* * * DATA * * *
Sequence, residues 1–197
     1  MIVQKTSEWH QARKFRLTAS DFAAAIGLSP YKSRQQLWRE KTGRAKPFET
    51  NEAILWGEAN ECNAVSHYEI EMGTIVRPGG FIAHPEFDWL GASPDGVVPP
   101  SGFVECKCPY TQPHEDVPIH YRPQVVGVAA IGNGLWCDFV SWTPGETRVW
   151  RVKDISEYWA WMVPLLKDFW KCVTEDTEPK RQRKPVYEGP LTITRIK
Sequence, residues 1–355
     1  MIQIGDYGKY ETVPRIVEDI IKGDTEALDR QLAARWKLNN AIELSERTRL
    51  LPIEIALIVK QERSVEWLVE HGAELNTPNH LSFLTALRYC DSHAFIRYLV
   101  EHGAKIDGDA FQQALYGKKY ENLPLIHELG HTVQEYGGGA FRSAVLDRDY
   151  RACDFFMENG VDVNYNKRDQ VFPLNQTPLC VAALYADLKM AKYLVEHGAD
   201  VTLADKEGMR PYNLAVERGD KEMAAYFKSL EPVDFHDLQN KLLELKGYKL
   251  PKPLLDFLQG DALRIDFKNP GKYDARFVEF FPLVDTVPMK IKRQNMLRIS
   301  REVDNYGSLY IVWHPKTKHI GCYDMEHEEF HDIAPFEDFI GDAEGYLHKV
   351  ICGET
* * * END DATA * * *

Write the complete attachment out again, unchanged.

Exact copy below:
Sequence, residues 1–197
     1  MIVQKTSEWH QARKFRLTAS DFAAAIGLSP YKSRQQLWRE KTGRAKPFET
    51  NEAILWGEAN ECNAVSHYEI EMGTIVRPGG FIAHPEFDWL GASPDGVVPP
   101  SGFVECKCPY TQPHEDVPIH YRPQVVGVAA IGNGLWCDFV SWTPGETRVW
   151  RVKDISEYWA WMVPLLKDFW KCVTEDTEPK RQRKPVYEGP LTITRIK
Sequence, residues 1–355
     1  MIQIGDYGKY ETVPRIVEDI IKGDTEALDR QLAARWKLNN AIELSERTRL
    51  LPIEIALIVK QERSVEWLVE HGAELNTPNH LSFLTALRYC DSHAFIRYLV
   101  EHGAKIDGDA FQQALYGKKY ENLPLIHELG HTVQEYGGGA FRSAVLDRDY
   151  RACDFFMENG VDVNYNKRDQ VFPLNQTPLC VAALYADLKM AKYLVEHGAD
   201  VTLADKEGMR PYNLAVERGD KEMAAYFKSL EPVDFHDLQN KLLELKGYKL
   251  PKPLLDFLQG DALRIDFKNP GKYDARFVEF FPLVDTVPMK IKRQNMLRIS
   301  REVDNYGSLY IVWHPKTKHI GCYDMEHEEF HDIAPFEDFI GDAEGYLHKV
   351  ICGET